This week the public received startling news: on Wednesday morning, month-over-month CPI (a proxy for inflation) in the United States had unexpectedly remained static, clocking in at 0% whereas a moderate 0.2% increase had been forecast. Core CPI (which excludes food and energy prices) likewise came in lower than anticipated at 0.3% month-over-month, while Thursday saw the Producer Price Index surprisingly decline 0.5% month-over-month. This prompted a mass selloff of USD across major pairs on Wednesday and Thursday, with the US Dollar Index (DXY) temporarily plummeting by 1.8% from the start of the week while stock indices soared. While demand for USD has recovered a bit since, with the DXY now down only 0.87% from Sunday, it is worth asking: has everything changed for major pairs?
Argument A: The Bearish Case for USD
A 0% month-over-month inflation rate may signal that the worst of price increases is finally over in the US. Annual inflation might have peaked, and consumers can breathe a sigh of relief now that three key events have occurred: 1) energy prices have dropped significantly due to a dip in demand, while US natural gas storage and oil barrel inventories also exceed expectations. 2) The Federal Reserve has embraced monetary policy hawkishness, and their rapid 50-75 bp rate hikes have worked, successfully restricting borrowing and thus curbing demand. 3) Despite a tight labor market, the US unemployment rate consistently hovers around 3.5%, granting a subtle degree of price stability.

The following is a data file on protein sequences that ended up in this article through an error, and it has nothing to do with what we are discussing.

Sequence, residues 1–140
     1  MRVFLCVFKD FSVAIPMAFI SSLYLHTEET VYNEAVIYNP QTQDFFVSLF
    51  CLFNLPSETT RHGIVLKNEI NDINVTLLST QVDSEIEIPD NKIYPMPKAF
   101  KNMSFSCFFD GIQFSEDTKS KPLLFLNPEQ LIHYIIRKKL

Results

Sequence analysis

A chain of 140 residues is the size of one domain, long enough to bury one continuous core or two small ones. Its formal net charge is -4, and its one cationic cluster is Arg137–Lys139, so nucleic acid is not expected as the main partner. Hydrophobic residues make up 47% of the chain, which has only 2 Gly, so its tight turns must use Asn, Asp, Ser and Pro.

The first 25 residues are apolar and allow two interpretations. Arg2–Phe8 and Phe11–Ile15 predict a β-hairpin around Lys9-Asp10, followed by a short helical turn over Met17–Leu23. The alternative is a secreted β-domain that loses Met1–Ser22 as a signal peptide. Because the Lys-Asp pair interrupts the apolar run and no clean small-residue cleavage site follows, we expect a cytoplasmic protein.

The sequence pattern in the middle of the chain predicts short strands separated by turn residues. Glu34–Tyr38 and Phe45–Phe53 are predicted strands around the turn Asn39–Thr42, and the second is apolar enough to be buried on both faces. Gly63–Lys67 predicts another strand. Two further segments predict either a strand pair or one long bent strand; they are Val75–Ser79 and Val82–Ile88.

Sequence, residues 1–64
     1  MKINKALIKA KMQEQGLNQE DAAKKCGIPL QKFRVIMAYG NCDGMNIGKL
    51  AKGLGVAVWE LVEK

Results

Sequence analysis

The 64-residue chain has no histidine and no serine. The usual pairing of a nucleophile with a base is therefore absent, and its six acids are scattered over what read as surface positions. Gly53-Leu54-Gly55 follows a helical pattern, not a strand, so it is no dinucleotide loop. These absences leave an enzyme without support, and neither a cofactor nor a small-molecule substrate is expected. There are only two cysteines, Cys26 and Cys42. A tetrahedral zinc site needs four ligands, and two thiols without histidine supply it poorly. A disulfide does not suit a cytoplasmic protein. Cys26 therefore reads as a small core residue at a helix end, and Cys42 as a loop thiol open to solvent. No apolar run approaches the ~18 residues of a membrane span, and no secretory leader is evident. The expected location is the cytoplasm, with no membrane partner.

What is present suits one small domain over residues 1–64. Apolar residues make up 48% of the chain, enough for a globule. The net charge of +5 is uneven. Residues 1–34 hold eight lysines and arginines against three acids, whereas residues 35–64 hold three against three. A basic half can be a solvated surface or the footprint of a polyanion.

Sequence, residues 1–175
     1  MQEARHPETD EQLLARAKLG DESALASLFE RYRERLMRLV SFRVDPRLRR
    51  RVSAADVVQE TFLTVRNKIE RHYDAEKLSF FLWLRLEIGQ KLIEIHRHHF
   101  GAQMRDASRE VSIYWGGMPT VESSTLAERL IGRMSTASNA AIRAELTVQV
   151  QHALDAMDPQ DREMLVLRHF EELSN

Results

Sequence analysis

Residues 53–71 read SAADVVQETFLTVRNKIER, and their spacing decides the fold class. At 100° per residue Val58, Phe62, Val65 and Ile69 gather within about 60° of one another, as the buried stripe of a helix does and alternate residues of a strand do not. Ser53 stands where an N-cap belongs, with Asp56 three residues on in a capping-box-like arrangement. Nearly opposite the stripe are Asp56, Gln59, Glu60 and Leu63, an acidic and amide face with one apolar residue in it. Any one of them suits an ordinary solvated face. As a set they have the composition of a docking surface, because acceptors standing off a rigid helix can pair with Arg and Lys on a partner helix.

Argument B: The Bullish Case for USD
Unfortunately, despite 0% month-over-month inflation being a welcome respite from high inflation, this one piece of data does not capture the full economic picture. Here are three reasons to expect high inflation to continue in the US: 1) though having fallen, energy prices could likely remain volatile and high because underlying global energy supply problems (e.g., mutual sanctions on Russian exports, OPEC’s unreliable output, energy dependence) have not been resolved. 2) Considering the scale of monetary stimulus over the course of the pandemic, and the double-digit federal funds rate that was historically implemented to stamp out high inflation, it would be shocking if these past few rate hikes were enough for the Fed to bring 40-year highs to an end. 3) The hot labor market may cause wages to further play catch-up, contributing to core inflation.
My Bias: Bullish (With a Grain of Salt)
Despite this particular cooling CPI report, I am retaining my bullish bias on USD, though admittedly with less confidence than before. The international and domestic economic conditions at work do not appear to have changed in a significant fashion as consumers still grapple with the consequences of an unprecedented money supply, labor shortages, and energy instability. However, if US inflation data continues to fall behind market expectations, I will certainly reassess this bias.
Best Pairs to Trade
According to the EdgeFinder, A1 Trading’s market scanner that helps traders conduct economic and sentiment analysis, here are two optimal pairs to trade for USD bulls: 1) GBP/USD, which has a score of -7, earning a ‘strong sell’ signal; and 2) USD/TRY, which has a score of 4, earning a ‘buy’ signal.